Running the prairie

On Sunday I ran in the Rattlesnake Master Run for the Prairie 10k.

Usually I expect that I’ll write a post when I participate in an event like that, but it turns out that I don’t have a lot to say about it. It went fine. I ran very slowly, which I expected because I’d done all of my training very slowly, but I did not come in last, which was nice.

I’d suffered with a nagging sore foot for several weeks leading up to the race. The pain was in the heel of my right foot, which made me figure it was probably plantar fasciitis. I think I’ve figured out though that it’s actually peroneal tendonitis. Understanding that gives me a clue toward recovery. The peroneal tendon, which reaches down the outside of your ankle, through the heel, and then forward across to the inside edge of the front of your foot, is heavily involved in balancing, especially standing on one foot. I do a lot of single-leg standing as part of my taiji practice and teaching, and since figuring this out I’ve been especially careful about being gentle with myself in this part of the practice, and in just a few days I’ve finally seen dramatic improvement.

The realization didn’t help in time for the race though, and my foot was a little sort right along. It wasn’t so sore that I thought I was doing real damage though, so I just ran the race anyway. It did impact my gate a bit, which meant that my opposite-leg knee started hurting about halfway through the race.

Part of the reason for this post is to test the GPX exporting at Polar (which had been broken for a while) and the GPX tracking plug-in that I’ve got here (which has been updated a couple of times since I last successfully got a GPX track exported from Polar). So, here’s the track of my run. The heart rate data doesn’t seem to be working.

Total distance: 6.3 mi
Total time: 01:23:36

(I didn’t want to fiddle with my phone at the start or finish of the race, so I started tracking my run about 5 minutes before the start of the race, and then I forgot to turn it off until about 5 minutes after I crossed the finish line, so both the time and the distance are a little off.)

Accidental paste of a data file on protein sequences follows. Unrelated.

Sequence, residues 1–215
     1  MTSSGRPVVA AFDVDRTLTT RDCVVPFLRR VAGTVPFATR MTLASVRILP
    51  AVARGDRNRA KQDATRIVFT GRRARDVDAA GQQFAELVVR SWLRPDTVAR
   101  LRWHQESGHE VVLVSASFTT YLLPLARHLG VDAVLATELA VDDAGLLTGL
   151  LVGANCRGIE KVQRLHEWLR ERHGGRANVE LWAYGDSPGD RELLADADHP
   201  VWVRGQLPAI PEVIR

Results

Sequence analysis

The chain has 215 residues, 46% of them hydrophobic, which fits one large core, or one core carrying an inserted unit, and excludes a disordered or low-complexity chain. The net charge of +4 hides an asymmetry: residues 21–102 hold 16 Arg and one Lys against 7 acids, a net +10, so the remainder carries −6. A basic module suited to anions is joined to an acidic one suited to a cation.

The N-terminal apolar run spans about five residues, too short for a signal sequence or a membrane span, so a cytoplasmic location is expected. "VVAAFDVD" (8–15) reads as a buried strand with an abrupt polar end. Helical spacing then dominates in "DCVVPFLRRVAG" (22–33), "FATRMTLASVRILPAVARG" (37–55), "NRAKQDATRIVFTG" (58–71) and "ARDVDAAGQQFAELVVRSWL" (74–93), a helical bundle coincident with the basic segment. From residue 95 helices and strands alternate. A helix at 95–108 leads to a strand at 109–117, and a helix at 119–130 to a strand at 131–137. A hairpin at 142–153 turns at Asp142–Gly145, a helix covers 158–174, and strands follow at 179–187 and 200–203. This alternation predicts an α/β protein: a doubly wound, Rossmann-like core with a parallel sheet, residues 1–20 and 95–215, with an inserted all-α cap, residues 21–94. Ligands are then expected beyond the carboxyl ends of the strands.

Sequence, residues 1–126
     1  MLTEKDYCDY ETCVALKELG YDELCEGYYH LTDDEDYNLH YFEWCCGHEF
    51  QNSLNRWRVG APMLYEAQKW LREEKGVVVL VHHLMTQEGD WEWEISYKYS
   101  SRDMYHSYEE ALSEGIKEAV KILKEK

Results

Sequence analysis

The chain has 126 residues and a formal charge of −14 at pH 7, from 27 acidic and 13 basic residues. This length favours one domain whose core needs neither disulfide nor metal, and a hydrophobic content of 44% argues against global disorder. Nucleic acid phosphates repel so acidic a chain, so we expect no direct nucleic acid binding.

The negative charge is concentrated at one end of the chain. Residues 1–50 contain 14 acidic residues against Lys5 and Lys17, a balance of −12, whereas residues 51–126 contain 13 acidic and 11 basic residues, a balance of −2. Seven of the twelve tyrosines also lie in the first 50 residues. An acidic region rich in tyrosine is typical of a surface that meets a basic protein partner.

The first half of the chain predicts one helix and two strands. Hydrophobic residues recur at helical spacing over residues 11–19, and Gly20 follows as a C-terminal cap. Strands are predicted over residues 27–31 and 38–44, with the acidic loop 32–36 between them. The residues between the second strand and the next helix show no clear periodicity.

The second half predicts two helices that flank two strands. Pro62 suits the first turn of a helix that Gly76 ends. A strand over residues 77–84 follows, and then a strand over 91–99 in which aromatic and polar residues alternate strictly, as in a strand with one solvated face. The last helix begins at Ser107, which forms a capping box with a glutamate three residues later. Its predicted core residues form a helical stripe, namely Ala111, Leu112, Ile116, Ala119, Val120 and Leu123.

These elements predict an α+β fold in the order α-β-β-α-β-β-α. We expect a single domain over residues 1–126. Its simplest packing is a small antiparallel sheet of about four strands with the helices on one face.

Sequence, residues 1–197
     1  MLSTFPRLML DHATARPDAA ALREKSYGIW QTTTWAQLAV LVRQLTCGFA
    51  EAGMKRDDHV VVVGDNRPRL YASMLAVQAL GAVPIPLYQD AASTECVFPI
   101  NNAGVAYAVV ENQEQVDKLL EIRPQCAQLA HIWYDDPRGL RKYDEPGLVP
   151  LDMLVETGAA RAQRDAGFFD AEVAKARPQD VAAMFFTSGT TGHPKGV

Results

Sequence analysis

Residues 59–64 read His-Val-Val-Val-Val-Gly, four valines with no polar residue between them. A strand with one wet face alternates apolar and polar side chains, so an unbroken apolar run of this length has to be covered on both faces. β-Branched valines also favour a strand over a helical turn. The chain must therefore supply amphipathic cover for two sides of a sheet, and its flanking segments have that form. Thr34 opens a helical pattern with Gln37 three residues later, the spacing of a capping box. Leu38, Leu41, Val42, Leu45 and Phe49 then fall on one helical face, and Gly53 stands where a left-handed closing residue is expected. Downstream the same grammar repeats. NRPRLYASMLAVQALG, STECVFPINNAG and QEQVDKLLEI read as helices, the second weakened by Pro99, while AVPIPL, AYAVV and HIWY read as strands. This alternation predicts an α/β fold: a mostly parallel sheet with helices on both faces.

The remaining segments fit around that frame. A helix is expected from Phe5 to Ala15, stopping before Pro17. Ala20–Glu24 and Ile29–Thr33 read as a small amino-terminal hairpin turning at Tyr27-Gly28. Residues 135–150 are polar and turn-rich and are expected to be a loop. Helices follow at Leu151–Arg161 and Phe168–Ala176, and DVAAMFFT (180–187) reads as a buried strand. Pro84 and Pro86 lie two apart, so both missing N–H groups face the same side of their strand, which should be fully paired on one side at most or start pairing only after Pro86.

My official time was 1:17:13.4 meaning a 12:26/mile pace. That’s as fast as I’ve run in years. (Overall results. Age-group results.)

It was pretty cold at the start—cold enough that I didn’t manage to get my race number in my pre-race selfie:

It had warmed up a lot by the end of the race, when I captured the selfie up at the top with Jackie (who along with a lot of the Master Naturalists had volunteered in the race).

More secure = more not-useful

With no card number, CVV security code, expiration date or signature on the card, Apple Card is more secure than any other physical credit card.

Source: Apple Card launches today for all US customers – Apple

While @jackieLbrewer was working at the bakery there was a cash register glitch. For several days they took credit card payments on paper, writing the number down by hand, and then entering them manually at the end of the day.

Those customers would have been totally secure from being able to buy bread.

Marketing image courtesy of Apple

Field Notes unboxing

I got the first order of my Field Notes subscription, so I thought I’d do a quick unboxing post. The first thing I noticed was that I had the box upside down.

With that problem fixed, I was greeted with the Field Notes motto, a sentiment that has appealed to me since I first met it:

From that reinforcing message I moved on to the contents:

I had promised to share the notebooks with Jackie, and she immediately wanted the packet with Rocky Mountains, Great Smokey Mountains, and Yellowstone. I claimed the packet with Joshua Tree, the destination of the best camping trip I took during the months I lived in Los Angeles.

The next step is to get over the hesitation I always have to start using a nice notebook. Part of the reason I got the subscription is that I’ve been actually using my notebooks lately, which gives me some confidence that I actually will. But another part is that I’m hoping having a nine notebooks (plus three more boxes coming over the course of the year) will make starting any one notebook seem a little less fraught.